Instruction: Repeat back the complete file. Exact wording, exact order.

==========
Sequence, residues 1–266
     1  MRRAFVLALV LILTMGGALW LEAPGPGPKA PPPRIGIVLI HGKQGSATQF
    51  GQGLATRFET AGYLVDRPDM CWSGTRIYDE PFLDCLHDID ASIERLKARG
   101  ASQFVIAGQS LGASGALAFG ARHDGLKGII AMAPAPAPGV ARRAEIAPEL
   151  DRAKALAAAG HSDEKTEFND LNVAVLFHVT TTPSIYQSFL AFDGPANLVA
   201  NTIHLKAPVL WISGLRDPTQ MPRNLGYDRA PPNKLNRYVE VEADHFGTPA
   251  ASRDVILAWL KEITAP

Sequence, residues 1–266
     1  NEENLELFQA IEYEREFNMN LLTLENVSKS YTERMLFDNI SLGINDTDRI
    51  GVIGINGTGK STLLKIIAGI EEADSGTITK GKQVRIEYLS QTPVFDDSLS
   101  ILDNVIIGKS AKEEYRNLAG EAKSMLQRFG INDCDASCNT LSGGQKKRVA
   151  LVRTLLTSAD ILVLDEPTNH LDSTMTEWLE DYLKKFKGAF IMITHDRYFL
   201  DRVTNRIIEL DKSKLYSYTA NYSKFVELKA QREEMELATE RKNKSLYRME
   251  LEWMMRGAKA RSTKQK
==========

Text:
Sequence, residues 1–266
     1  MRRAFVLALV LILTMGGALW LEAPGPGPKA PPPRIGIVLI HGKQGSATQF
    51  GQGLATRFET AGYLVDRPDM CWSGTRIYDE PFLDCLHDID ASIERLKARG
   101  ASQFVIAGQS LGASGALAFG ARHDGLKGII AMAPAPAPGV ARRAEIAPEL
   151  DRAKALAAAG HSDEKTEFND LNVAVLFHVT TTPSIYQSFL AFDGPANLVA
   201  NTIHLKAPVL WISGLRDPTQ MPRNLGYDRA PPNKLNRYVE VEADHFGTPA
   251  ASRDVILAWL KEITAP

Sequence, residues 1–266
     1  NEENLELFQA IEYEREFNMN LLTLENVSKS YTERMLFDNI SLGINDTDRI
    51  GVIGINGTGK STLLKIIAGI EEADSGTITK GKQVRIEYLS QTPVFDDSLS
   101  ILDNVIIGKS AKEEYRNLAG EAKSMLQRFG INDCDASCNT LSGGQKKRVA
   151  LVRTLLTSAD ILVLDEPTNH LDSTMTEWLE DYLKKFKGAF IMITHDRYFL
   201  DRVTNRIIEL DKSKLYSYTA NYSKFVELKA QREEMELATE RKNKSLYRME
   251  LEWMMRGAKA RSTKQK